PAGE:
In his days of coaching Penn State to its first national team title this season, Cael Sanderson was on the mat every day. "Old man," his young wrestlers would tell him. "What have you got?"
But it was never the bruising and banging that got to Sanderson, six years removed from his Olympic gold medal and nine years away from completing his reign as an unbeaten collegian for Iowa State at 159-0. No, to be honest, it was the itching.
"It was always in the back of my mind how hard it was to stay away from the challenge of competing," says Sanderson, 10 days shy of his 32nd birthday. "That feeling never goes away. I'm not sure it ever will."
With little fanfare, Sanderson has been adding the sessions and losing the weight. In the back of his mind, the mornings wrestling with his collegians always had a dual purpose.
"I was doing everything to fire them up," he said by phone Wednesday night. "But actually they were firing me up." On Thursday he plans to make it official. One of the greatest U.S. wrestlers in history will announce his intentions to aim for a spot on the 2012 Olympic team.
It will be a busy weekend for Sanderson, who will be inducted into the Wrestling Hall of Fame on Thursday and will wrestle up to seven matches at the U.S. World Team Trials in Oklahoma City on Saturday. Should Sanderson win his 185½-pound weight class, he'll represent the U.S. at the world championships in Istanbul in September. If he earns a medal at worlds this year, he will gain a spot in the finals at the Olympic trials in Iowa City next year.
"I want to start moving up the ladder," he says.
Those who know Sanderson, as publicity-averse as a star can get, know he is not in this for the ink. He has told his family, his wrestlers, a few friends, his staff at Penn State and stayed clear of everyone else before speaking with SI. As much as he has opened up and become more detailed in his answers as a coach, the sight of Sanderson, stone-faced, lock-jawed and purposeful, is a more comfortable posture than the man in the suit who now willingly shakes hands with alumni and donors.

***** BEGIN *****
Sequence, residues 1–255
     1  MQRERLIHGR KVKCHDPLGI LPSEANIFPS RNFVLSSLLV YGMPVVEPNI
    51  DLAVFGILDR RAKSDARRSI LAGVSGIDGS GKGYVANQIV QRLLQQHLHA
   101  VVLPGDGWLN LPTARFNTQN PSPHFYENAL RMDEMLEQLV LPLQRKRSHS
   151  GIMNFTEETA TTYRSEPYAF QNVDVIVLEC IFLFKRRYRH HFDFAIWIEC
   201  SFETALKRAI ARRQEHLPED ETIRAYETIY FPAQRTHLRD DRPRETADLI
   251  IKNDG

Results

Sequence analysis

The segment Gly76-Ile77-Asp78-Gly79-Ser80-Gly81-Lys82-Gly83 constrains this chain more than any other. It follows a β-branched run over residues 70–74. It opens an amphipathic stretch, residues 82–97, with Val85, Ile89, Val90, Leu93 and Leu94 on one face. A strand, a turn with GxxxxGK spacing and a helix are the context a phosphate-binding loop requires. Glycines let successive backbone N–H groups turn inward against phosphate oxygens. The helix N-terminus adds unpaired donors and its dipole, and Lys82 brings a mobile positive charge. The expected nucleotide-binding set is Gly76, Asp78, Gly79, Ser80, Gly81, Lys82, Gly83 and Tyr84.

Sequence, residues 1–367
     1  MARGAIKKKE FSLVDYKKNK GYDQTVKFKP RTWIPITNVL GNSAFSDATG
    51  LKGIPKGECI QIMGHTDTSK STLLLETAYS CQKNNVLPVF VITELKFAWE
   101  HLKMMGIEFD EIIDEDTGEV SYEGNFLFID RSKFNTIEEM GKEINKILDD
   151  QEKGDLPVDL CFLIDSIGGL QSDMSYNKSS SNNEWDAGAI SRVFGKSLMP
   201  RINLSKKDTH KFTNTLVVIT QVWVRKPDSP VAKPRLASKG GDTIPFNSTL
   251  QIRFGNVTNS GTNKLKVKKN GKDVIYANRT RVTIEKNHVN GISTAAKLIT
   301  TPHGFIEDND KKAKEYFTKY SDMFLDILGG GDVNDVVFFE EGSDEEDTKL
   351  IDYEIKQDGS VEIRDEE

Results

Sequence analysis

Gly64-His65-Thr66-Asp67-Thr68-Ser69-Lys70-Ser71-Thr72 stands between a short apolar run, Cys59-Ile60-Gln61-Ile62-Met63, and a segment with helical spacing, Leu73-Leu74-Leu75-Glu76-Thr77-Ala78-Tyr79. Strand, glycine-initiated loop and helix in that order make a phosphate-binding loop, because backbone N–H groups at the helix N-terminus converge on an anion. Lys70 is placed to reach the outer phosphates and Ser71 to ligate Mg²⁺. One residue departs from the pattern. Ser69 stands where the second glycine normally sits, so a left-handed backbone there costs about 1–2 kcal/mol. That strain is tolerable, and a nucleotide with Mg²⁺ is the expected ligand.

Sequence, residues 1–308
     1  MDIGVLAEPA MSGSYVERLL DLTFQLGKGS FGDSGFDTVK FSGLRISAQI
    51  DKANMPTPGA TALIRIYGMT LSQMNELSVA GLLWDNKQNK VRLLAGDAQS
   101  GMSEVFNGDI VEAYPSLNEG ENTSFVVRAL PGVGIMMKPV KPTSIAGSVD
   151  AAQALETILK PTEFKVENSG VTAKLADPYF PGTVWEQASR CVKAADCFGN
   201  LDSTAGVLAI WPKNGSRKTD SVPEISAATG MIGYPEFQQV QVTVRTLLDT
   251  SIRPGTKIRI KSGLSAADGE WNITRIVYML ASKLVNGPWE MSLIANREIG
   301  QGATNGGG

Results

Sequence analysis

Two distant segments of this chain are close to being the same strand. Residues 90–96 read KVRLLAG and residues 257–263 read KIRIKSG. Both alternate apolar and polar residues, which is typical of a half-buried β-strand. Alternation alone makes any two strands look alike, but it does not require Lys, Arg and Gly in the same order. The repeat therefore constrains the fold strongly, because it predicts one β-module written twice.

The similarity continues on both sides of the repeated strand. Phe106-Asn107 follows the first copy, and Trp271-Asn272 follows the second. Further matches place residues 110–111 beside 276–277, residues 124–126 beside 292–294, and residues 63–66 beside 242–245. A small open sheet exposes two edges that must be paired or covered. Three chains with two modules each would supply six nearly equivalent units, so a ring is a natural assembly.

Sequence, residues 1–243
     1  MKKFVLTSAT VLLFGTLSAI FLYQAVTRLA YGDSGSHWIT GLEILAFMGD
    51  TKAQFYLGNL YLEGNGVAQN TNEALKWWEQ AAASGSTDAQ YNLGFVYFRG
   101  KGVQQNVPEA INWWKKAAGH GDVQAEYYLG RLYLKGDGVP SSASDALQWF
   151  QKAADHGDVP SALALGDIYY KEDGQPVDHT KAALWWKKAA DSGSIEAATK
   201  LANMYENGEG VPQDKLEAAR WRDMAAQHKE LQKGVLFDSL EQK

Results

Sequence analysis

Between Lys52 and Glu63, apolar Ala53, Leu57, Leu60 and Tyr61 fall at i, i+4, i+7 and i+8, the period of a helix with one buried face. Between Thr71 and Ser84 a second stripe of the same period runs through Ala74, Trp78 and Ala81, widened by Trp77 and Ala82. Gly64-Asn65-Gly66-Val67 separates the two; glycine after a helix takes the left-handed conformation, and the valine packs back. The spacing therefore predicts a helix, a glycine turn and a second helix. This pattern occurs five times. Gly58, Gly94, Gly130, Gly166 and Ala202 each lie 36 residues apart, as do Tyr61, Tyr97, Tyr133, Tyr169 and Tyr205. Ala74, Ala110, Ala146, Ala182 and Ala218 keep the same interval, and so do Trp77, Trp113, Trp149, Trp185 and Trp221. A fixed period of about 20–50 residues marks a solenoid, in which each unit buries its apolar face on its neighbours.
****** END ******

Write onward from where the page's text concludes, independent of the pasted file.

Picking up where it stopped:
"I'd like this to be under the radar, the way it always has been," he says, "even though I know it won't be possible soon. For me the question is: Did I honestly do enough with the ability I was born with? I don't think God cares if I win one gold medal or two; I think He gave us this ability and did I do everything I could with what I was given? That desire to compete, to fight for something, to rise to a challenge, I'm not sure it goes away. My window is short now. I want to take this as far as I can."
Sanderson actually made a mini-comeback in March when he fulfilled a promise to his team. If they won the Big Ten title, he told them, he would wrestle at a qualifying event at SUNY-Brockport in March. Of course Sanderson blitzed the field in the 211-pound class, but that was just a nod to his wrestlers at Penn State. Wasn't it?
"It was something else in my mind," he says, "but I didn't really say much about it."
In fact Sanderson was taking his own temperature, seeing if he might be able to parlay his knowledge and residual fitness into a serious return.
"I know other people sometime make comebacks that don't go that well," he says. I don't want to be like that. It's the competitor in me. I can't even picture or imagine not winning."
Though Sanderson qualified at the 211-pound class, he decided to cut weight to in order to avoid wrestling against Jake Varner, a two-time NCAA champ from Iowa State and close friend.
"Jake is number one at his weight and he's like a brother to me," Sanderson says. "I don't want to be trying to take his spot away."
Still, moving down in weight is no easy feat. Whereas there were 10 weight classes when Sanderson coached at the NCAAs, there are just seven at the Olympic and world levels, meaning Sanderson must drop back to his old competition weight 185½ pounds from the 211 he carried during most of the season. He will also face a strong field that includes Quentin Wright, the only Nittany Lion who won an individual title at the NCAAs this year.
"I don't really know where I am physically and I won't until I face that first hard test," he says. "Then I need to just be in there training, because that's what it takes."
And for now it's the only way to stop the itching.